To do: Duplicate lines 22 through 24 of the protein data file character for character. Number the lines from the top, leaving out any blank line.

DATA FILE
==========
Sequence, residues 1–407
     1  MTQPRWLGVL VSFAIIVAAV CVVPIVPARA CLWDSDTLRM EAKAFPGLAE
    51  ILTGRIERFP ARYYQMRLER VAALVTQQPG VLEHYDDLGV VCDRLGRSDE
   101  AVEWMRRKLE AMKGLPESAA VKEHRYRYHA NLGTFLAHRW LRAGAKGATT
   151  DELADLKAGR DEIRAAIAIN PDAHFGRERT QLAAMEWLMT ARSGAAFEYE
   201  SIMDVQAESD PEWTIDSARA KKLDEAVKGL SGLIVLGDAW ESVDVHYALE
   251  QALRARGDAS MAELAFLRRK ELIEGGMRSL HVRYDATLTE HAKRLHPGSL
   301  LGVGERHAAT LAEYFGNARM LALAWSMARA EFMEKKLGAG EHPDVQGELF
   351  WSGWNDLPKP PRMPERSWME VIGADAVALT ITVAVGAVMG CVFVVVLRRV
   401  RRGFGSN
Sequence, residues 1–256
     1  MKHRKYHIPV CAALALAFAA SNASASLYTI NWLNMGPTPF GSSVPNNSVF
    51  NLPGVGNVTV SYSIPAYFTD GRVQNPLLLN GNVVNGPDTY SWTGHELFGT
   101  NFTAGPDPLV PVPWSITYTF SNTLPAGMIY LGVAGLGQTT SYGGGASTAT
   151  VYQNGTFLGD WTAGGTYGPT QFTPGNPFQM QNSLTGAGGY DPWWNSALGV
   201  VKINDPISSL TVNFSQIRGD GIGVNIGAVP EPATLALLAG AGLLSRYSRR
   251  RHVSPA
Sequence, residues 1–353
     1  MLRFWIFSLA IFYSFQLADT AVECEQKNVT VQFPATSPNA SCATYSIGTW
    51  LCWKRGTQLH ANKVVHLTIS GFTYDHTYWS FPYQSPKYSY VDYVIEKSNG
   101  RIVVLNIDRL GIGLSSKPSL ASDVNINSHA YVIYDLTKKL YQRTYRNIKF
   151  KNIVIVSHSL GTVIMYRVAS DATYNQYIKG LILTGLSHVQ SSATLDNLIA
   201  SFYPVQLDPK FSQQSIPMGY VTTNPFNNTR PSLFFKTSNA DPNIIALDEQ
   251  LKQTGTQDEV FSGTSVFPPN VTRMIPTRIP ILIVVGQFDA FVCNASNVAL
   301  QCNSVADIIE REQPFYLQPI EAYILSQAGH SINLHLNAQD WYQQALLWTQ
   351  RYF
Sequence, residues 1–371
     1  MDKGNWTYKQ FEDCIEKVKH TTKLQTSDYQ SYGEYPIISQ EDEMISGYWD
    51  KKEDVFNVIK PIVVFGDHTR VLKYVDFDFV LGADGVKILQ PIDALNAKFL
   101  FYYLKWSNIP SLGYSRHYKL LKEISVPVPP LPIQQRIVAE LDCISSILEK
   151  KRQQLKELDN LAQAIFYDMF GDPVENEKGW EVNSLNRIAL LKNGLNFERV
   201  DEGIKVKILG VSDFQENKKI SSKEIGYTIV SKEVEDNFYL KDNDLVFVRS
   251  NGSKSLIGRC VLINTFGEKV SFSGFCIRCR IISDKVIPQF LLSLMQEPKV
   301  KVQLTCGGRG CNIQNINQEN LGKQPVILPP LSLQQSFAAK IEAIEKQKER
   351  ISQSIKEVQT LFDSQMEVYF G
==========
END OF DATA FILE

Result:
   151  KNIVIVSHSL GTVIMYRVAS DATYNQYIKG LILTGLSHVQ SSATLDNLIA
   201  SFYPVQLDPK FSQQSIPMGY VTTNPFNNTR PSLFFKTSNA DPNIIALDEQ
   251  LKQTGTQDEV FSGTSVFPPN VTRMIPTRIP ILIVVGQFDA FVCNASNVAL